Procol Harum
Procol Harum


4.0
excellent

Review

by vanderb0b USER (63 Reviews)
December 11th, 2010 | 53 replies | 5,998 views


Release Date: 1967 | Tracklist

Review Summary: And so it was that later, as the miller told his tale, that her face, at first just ghostly, turned a whiter shade of pale

3 of 3 thought this review was well written

The late nineteen sixties and early seventies were a time of radical societal changes in Western countries. The hippie culture that was largely embraced for almost a decade finally began to decline in the face of increasing opposition. Women, following the example of African American civil rights activists, would become more and more vocal in their campaign for equality. Technology grew exponentially, and electronics began to play a larger role in everyday life. Further accentuating this change, The Beatles, unarguably the poster-boys of sixties culture and music, disbanded. In short, a couple of years entirely changed the face of society.

All these change served as perfect catalysts for the evolution of music, and so the psychedelia of the mid-sixties grew into progressive rock. Procol Harum was one of the first bands to jump onto this trend, and their debut, A Whiter Shade Of Pale, would set the standards for the genre (that is, until King Crimson would release the genre-defining In The Court Of The Crimson King).

A Whiter Shade Of Pale was released when prog rock wasn’t yet the norm, but some artists, bored with contemporary styles, had begun to expand the blues and psychedelic formulae. As a result, the album is very much an amalgam of the two genres: the bluesy grit of artists like Jimi Hendrix is mixed with the melodic tendencies of Pink Floyd, and a slight touch of baroque influence is thrown in every once a while. The latter is provided courtesy of Matthew Fisher, whose performance on the organ is one of the most stunning in rock music. His trusty hammond is seen here playing everything from jazzy solos (the best of which could be found in Salad Days) to Bach-inspired tunes, all of which sound surprisingly natural amongst a bluesy backdrop.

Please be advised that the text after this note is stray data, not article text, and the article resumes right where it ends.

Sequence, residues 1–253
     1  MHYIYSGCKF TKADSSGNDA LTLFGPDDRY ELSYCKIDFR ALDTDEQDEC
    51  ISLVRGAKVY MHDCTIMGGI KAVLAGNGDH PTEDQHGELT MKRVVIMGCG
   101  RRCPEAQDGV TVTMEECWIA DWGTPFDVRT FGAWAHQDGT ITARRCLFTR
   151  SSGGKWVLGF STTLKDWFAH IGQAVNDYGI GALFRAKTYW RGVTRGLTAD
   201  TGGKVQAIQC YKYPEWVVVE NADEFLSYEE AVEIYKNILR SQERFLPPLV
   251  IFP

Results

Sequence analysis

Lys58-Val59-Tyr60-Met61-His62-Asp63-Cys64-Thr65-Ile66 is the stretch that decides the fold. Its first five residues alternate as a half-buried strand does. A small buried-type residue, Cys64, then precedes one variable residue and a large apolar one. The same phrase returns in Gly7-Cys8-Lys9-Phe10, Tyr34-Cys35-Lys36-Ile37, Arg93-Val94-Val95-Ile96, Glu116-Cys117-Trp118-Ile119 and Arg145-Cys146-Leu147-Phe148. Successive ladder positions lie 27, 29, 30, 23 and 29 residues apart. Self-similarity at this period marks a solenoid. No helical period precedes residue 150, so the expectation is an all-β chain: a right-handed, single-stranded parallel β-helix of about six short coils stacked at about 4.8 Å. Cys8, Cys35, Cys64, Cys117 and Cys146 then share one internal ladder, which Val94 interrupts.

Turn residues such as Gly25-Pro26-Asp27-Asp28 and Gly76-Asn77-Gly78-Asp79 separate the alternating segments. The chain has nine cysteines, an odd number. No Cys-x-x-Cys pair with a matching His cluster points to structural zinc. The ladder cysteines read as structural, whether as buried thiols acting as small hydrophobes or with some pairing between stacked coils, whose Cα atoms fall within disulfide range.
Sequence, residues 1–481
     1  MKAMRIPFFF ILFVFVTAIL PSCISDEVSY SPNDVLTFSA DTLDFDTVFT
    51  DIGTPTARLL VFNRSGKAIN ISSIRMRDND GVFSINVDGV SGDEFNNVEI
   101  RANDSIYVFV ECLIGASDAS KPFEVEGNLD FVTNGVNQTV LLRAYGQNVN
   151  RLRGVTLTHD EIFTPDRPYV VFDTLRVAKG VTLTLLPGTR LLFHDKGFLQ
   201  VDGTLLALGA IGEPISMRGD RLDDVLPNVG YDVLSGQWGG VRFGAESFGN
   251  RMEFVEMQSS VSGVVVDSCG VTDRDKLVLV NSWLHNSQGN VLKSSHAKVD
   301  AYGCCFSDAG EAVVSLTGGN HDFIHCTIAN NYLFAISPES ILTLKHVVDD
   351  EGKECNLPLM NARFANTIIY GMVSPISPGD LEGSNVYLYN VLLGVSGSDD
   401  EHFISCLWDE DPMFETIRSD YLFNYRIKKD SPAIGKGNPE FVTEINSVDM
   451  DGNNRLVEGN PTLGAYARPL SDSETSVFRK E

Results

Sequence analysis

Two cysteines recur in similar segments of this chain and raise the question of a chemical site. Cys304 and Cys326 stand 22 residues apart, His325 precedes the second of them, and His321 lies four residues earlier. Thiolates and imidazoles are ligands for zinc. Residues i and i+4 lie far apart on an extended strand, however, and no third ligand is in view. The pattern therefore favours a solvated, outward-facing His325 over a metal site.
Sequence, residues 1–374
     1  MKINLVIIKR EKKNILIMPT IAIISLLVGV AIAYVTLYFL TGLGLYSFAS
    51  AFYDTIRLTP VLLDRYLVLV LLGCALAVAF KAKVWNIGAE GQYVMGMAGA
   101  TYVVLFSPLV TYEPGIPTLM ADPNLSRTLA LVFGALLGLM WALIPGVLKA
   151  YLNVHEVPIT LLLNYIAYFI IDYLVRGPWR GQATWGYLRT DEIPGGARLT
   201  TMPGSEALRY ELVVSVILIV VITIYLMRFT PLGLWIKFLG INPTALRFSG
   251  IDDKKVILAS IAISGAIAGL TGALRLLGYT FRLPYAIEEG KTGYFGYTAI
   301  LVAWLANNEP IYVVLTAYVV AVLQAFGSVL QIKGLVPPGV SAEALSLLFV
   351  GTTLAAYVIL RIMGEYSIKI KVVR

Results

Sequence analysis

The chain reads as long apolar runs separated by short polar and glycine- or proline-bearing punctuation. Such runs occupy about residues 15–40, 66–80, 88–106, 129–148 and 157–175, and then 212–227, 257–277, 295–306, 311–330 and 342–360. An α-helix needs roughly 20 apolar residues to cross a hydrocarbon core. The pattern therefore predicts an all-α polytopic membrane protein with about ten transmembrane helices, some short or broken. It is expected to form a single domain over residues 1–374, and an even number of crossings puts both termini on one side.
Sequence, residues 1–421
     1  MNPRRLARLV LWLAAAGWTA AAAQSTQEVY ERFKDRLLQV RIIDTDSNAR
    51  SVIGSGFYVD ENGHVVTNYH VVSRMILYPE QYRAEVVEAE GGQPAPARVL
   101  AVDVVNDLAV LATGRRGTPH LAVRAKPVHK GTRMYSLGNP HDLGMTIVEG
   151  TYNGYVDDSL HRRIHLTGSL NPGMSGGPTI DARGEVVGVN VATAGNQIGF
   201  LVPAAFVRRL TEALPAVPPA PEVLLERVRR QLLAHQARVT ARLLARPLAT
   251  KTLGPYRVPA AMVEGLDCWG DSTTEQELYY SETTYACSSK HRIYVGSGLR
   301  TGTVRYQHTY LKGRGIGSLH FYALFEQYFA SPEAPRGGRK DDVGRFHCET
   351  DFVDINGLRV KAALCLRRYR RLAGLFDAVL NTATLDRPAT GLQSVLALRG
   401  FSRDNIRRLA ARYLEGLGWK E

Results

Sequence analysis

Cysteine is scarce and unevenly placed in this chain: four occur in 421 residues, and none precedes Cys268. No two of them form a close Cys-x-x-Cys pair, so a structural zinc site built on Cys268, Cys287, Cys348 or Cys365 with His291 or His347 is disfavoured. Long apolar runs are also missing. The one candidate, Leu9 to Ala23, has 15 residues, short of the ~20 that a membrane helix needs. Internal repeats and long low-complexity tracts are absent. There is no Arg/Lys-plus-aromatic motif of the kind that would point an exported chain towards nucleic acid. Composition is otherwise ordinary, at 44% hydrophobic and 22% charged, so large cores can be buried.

Procol Harum’s compositions are, like those of almost any other progressive band, theatrical and, for the most part, complex, but, unlike their contemporaries, the band never descends into pointless meandering and the songs never feel overblown. Organs, pianos, guitars, and even the occasional horns all intertwine and play atop one another, but never does the music become confusing and overwhelming.

Fortunately, the songs are all blessed with the succinctness usually found in blues music, and thus nothing on the album overstays its welcome. Not even Repent Walpugis, a five minute long instrumental which manages to blend melancholy, soulful blues with a Bach prelude, seems unnecessarily bombastic or dreary (indeed, it might just be the best thing on here).

Also of note are Keith Reid’s lyrics, most of which, aside from the fittingly straightforward Mabel, are dense, surreal works that rely less on meaning and more on atmosphere. Fittingly poetic and intelligent, but rarely pretentious, these texts serve as the perfect accompaniments to ethereal songs like She Wandered Through the Garden Fence and Conquistador.

What we have here is perhaps the most interesting and relevant album to be released in the turbulent time when the first foundations of progressive rock were being laid. A Whiter Shade Of Pale is worth the time of anybody even vaguely interested in the genre; hell, that organ alone justifies a listen.

4.2/5



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user ratings (65)
Chart.
4
excellent

Comments:Add a Comment 
vanderb0b
December 11th 2010



3473 Comments

Album Rating: 4.0

Album is prog mastery. These guys are really unknown here, I might do some more PH review in the near future.

AngelofDeath
Staff Reviewer
December 11th 2010



16134 Comments